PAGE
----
Mortgage affordability slides by 9% to £136,000: Mortgage Broker Tools

The broker research platform’s latest affordability index shows that the minimum average loan size offered by mortgage lenders fell to just over £136,000 in July, down from £150,000 in January, a fall of 9.3%.

The maximum average loan offered has also slipped to £270,000 in July, down from just over £274,000 in June.

The platform adds that its analysis of different customer profiles shows that the number of affordable lenders able to offer mortgages to customers who want a high loan to income has fallen from 27 to 22 “in just a couple of weeks”.

It says this indicates “that mortgage lenders are tightening their appetite for lending to those customers who want to borrow higher income multiples”.

The data comes as the current average cost of a home lifted 7.8% to £286,397 in the year to June, according to the latest Halifax house price data released last month.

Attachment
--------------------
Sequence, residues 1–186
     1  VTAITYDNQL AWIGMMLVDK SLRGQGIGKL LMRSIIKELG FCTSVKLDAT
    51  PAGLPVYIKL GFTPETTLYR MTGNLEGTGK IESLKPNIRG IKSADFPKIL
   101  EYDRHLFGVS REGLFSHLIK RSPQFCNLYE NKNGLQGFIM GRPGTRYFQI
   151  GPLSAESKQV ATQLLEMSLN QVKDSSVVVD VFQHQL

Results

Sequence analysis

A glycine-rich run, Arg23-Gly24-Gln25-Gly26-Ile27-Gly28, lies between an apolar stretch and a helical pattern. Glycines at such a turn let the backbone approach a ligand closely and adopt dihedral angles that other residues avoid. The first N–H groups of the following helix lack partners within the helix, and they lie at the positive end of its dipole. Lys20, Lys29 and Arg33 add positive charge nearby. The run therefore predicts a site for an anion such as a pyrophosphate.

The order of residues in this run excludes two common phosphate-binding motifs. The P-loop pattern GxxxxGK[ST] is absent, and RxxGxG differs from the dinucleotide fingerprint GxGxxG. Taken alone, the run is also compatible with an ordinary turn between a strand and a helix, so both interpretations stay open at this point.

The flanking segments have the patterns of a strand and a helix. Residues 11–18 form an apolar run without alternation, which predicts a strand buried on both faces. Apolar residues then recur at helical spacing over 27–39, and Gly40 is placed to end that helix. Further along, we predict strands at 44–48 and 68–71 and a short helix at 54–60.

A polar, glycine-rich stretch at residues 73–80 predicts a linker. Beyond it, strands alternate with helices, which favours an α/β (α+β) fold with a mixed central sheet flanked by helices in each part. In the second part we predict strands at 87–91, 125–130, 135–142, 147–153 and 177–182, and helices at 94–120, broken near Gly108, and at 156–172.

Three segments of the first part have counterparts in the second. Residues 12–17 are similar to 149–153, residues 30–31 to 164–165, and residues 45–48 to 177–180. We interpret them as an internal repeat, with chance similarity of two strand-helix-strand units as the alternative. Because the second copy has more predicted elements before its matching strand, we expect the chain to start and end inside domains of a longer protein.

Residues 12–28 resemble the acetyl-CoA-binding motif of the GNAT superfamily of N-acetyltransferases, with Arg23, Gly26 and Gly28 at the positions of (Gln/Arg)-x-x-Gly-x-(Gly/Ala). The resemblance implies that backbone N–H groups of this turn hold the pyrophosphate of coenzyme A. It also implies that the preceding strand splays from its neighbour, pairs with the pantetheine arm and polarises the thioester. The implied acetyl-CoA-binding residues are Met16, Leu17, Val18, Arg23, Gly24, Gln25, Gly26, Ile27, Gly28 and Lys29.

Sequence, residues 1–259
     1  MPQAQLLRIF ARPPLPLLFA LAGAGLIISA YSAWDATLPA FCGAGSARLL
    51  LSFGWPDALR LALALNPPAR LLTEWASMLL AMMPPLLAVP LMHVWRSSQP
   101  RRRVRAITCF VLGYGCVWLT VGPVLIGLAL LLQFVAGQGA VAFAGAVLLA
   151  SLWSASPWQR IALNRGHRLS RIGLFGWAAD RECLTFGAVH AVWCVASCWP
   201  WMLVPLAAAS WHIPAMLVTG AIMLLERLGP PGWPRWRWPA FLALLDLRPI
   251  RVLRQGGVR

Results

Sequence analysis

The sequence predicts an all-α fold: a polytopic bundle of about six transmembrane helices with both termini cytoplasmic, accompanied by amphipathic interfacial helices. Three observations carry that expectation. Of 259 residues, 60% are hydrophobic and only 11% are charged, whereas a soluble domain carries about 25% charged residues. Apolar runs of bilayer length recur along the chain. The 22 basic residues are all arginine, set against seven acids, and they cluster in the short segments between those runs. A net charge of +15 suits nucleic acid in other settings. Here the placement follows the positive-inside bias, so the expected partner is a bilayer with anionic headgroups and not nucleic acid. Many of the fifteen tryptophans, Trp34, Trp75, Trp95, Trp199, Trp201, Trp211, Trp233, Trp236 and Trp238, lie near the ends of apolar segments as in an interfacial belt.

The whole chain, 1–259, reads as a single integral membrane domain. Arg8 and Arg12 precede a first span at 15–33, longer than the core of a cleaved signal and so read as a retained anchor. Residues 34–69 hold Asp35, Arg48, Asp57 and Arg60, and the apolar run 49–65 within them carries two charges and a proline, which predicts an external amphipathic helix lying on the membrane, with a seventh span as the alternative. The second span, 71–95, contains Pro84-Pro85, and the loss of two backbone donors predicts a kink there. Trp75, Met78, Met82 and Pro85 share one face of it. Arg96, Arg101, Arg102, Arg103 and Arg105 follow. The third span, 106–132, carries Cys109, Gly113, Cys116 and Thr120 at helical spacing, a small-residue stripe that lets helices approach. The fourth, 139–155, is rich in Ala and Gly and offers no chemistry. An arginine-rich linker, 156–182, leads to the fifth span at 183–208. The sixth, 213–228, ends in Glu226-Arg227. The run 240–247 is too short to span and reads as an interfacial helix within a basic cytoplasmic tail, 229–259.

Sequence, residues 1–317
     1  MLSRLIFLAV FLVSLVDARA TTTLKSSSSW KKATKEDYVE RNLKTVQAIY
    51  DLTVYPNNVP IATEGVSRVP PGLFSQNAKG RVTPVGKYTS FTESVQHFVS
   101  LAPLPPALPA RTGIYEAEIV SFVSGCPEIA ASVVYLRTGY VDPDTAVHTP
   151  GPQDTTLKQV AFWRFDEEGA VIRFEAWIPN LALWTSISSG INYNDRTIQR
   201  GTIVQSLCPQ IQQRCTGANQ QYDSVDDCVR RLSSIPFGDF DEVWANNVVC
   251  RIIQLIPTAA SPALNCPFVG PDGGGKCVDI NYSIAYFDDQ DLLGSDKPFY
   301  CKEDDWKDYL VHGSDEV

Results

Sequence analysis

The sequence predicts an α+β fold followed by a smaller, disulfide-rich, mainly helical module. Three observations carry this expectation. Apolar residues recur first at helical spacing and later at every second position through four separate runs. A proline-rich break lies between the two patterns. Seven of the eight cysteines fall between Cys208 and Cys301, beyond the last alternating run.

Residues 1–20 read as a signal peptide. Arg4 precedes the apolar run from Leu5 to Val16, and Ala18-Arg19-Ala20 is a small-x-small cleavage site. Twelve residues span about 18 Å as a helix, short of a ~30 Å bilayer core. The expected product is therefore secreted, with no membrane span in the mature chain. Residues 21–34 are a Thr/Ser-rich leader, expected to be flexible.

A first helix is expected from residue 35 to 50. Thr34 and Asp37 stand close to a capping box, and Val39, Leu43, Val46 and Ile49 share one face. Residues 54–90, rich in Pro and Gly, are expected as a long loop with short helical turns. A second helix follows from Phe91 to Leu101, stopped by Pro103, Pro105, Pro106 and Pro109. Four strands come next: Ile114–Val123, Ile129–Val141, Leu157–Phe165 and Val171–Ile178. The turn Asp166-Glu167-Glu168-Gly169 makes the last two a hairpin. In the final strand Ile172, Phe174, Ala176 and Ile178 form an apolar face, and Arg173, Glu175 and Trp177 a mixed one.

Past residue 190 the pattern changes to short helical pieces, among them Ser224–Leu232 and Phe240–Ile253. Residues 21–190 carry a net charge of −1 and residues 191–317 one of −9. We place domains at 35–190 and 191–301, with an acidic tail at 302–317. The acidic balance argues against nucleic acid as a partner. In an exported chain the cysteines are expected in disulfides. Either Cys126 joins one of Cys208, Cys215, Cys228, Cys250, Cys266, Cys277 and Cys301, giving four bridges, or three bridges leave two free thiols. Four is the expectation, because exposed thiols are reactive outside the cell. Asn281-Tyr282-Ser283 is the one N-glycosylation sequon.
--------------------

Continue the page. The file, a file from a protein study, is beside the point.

House prices have climbed this year even though the Bank of England lifted interest rates by 50 basis points to 1.75% last month, its biggest hike since 1995, which raised the base rate to a fresh 40-year high. It was the sixth rate rise since last December.

The move by the central bank comes as it battles rising inflation, which stood at 9.4% in June, which the BoE forecasts will hit 13% by the end of the year.

Mortgage Broker Tools chief executive Tanya Toumadj says: “Having watched house prices rise sharply, in addition to seeing the onset of an acute cost-of-living crisis, it might not be surprising that affordability is taking a hit.

However, all of these factors are also likely to have a knock-on effect, with potential buyers struggling to afford to enter the property market, t.fore lessening the high pressure created by recent surges in demand.

Experts across the market are predicting house price falls over the next two years, with Capital Economics suggesting as much as a 12% drop in London, and some reports of down valuations emerging already as a result.

“However, t. are contradicting reports that a downturn in the housing market will further reduce supply, which will help to underpin prices.”